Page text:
Can plants enjoy music just as we do? And can listening to music help them develop? If so, maybe we're not so different as we seem. The possible correlation between exposure to music and the growth rate of plants is fascinating, and may perhaps allow for a new and deeper understanding about the living creatures surrounding us in our homes.

Music and plant growth has been a topic in the scientific community for quite some time. At Pistils, we found ourselves curious to find out what these studies show and what the people conducting them are saying about how music affects plants. As we started digging in to the research, we found that experiments involving music and plant growth in agriculture as well as in greenhouses have been conducted and seem to show that playing music actually promotes the growth of plants!

But it's not quite so simple, and there's still a bit of controversy around these findings. Here's a bit of what the studies say, simplified, and why some may disagree.

Music and Plant Growth - Pistils Nursery

Music and Plant Growth

The Science

Unlike us humans, plants don’t have ears with which to hear sound. So how are they influenced by music? It’s not exactly that they are tapping their roots to the beat of a drum. Rather, sound waves stimulate the plant's cells. When the cells are stimulated by the sound, nutrients are encouraged to move throughout the plant body, promoting new growth and strengthening their immune systems.

Believe it or not, studies indicate that plants also seem have a specific taste in music! Some genres of music promote growth, whereas others can be damaging. Roses in particular seem to love violin music. For most plants playing classical or jazz music caused growth to increase, while harsher metal music induced stress. This may be because the vibrations of metal music are too intense for plants and stimulate cells a little too much.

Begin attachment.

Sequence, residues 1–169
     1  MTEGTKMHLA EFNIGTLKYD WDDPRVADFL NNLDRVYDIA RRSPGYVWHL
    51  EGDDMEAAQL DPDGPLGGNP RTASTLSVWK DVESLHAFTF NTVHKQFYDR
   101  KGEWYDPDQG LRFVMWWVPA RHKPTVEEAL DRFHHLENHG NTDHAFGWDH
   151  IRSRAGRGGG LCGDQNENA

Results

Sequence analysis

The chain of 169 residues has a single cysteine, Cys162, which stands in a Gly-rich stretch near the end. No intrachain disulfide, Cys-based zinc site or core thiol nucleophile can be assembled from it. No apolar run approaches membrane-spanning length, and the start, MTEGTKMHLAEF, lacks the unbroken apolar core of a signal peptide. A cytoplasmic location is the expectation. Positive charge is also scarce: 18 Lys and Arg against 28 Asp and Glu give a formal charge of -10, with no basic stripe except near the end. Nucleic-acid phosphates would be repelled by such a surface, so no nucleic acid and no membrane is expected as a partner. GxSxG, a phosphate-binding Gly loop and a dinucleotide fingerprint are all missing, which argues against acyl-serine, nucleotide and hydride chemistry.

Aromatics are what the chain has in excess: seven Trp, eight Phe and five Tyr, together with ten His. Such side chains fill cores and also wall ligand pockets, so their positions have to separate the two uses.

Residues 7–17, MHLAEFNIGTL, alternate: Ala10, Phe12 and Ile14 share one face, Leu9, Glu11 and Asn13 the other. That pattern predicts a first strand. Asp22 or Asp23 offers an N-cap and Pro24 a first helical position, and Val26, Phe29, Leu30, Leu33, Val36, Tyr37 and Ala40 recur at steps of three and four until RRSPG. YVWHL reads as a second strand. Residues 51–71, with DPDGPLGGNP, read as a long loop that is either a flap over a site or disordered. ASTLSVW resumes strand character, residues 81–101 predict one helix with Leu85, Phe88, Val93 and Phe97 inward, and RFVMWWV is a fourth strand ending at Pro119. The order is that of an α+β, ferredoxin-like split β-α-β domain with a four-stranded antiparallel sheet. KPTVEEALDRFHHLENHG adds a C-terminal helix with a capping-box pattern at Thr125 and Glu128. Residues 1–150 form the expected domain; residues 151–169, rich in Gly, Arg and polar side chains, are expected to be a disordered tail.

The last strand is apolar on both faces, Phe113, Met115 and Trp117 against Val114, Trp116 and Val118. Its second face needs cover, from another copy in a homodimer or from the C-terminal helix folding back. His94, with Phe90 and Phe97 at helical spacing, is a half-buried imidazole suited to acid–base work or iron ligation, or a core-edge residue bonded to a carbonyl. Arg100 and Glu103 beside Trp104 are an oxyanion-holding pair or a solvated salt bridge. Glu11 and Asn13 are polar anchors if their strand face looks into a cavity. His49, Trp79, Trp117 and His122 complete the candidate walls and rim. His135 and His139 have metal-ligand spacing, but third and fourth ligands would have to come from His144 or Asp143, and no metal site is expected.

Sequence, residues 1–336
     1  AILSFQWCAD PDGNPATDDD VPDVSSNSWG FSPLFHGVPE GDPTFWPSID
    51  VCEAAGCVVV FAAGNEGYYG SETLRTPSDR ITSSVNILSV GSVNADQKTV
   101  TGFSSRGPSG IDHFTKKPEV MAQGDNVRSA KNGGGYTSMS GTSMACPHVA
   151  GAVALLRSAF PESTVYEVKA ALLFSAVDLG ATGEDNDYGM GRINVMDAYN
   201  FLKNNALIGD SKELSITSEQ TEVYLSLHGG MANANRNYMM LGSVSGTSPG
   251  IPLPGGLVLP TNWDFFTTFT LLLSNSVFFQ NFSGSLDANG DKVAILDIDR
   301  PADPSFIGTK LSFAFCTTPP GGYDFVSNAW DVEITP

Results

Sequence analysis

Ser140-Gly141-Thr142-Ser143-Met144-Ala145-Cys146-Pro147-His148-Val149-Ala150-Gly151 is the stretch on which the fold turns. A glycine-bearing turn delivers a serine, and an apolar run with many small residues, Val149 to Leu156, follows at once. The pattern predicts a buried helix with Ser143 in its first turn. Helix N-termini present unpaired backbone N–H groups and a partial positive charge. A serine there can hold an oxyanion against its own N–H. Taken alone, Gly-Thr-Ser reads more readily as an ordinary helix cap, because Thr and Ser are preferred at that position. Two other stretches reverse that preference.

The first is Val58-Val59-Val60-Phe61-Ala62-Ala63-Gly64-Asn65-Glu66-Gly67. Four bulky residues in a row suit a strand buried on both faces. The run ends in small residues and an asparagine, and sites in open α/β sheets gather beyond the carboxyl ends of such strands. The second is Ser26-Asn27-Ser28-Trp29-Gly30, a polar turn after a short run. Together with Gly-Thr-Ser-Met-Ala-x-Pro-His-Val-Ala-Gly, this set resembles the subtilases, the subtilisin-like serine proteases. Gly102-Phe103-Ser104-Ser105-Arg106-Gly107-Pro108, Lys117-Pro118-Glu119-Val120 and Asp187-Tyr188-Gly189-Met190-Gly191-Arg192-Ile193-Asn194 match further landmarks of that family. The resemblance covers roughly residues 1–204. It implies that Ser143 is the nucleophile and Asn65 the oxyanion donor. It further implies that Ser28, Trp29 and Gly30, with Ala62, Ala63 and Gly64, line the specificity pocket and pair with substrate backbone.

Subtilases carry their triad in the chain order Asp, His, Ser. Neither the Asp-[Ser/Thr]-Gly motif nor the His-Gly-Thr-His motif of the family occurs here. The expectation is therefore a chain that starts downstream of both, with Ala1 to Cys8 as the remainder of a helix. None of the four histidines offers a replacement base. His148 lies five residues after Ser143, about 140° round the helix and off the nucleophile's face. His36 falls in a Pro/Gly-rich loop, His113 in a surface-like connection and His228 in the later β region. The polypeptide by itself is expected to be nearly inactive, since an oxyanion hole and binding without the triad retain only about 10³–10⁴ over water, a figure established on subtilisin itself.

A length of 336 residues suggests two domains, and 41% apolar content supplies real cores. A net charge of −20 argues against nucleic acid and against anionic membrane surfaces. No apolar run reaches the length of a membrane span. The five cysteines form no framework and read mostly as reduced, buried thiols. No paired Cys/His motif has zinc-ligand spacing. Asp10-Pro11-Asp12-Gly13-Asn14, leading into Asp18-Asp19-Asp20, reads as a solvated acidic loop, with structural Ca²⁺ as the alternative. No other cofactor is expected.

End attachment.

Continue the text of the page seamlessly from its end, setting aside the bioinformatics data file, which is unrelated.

We think of this like massaging your plant with a song – they prefer a gentler touch. 

Music and Plant Growth - Pistils Nursery

What Botanists Have to Say

Devendra Vanol of the Institute of Integrated Study and Research in Biotechnology and Allied Sciences in India found that not only does music promote plant growth, but it seems that plants can actually distinguish between different types of sound including different genres of music, nature sounds, and traffic noise. Vanol and her team say it could be advantageous for plants to distinguish sounds to learn about their surrounding environment. More studies need to be done to understand how this works and what this could teach us about plants.

According to Reda Hassanien of China Agricultural University in Beijing, sound waves significantly increased the yield of sweet pepper, cucumber, tomato, spinach, cotton, rice, and wheat. Additionally, pests such as spider mites, aphids, gray mold, late blight, and virus diseases of tomatoes decreased in greenhouse conditions with sound treatment. It is amazing what plants can do with a little bit of music playing in the greenhouse!

How can we use this new information? “The world population increase presents a challenge to scientists and researchers to investigate the possibilities for utilizing new and green technologies to increase the production of food," says Hassenien." Using sound waves technology can enhance the plant immune system thereby; avoiding many problems associated with the environmental pollution and the economic costs of chemical fertilizers and herbicide” (Hassanien 2014).

What if we could use music to promote plant growth instead of chemicals? Playing music for our agricultural crops could be the soothing sound of positive change in our food system.